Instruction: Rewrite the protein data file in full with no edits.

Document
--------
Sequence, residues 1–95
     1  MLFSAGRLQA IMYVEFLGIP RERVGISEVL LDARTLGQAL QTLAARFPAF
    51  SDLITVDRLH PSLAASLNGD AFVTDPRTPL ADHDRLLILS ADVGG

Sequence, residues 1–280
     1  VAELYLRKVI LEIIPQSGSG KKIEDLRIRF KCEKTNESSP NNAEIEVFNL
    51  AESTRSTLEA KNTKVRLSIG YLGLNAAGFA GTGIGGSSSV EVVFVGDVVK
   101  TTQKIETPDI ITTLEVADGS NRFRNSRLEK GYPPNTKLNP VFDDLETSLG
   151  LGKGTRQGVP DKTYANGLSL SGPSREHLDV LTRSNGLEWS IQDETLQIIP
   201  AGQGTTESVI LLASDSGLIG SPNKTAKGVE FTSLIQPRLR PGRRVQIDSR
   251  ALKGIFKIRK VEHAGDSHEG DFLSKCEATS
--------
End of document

Sequence, residues 1–95
     1  MLFSAGRLQA IMYVEFLGIP RERVGISEVL LDARTLGQAL QTLAARFPAF
    51  SDLITVDRLH PSLAASLNGD AFVTDPRTPL ADHDRLLILS ADVGG

Sequence, residues 1–280
     1  VAELYLRKVI LEIIPQSGSG KKIEDLRIRF KCEKTNESSP NNAEIEVFNL
    51  AESTRSTLEA KNTKVRLSIG YLGLNAAGFA GTGIGGSSSV EVVFVGDVVK
   101  TTQKIETPDI ITTLEVADGS NRFRNSRLEK GYPPNTKLNP VFDDLETSLG
   151  LGKGTRQGVP DKTYANGLSL SGPSREHLDV LTRSNGLEWS IQDETLQIIP
   201  AGQGTTESVI LLASDSGLIG SPNKTAKGVE FTSLIQPRLR PGRRVQIDSR
   251  ALKGIFKIRK VEHAGDSHEG DFLSKCEATS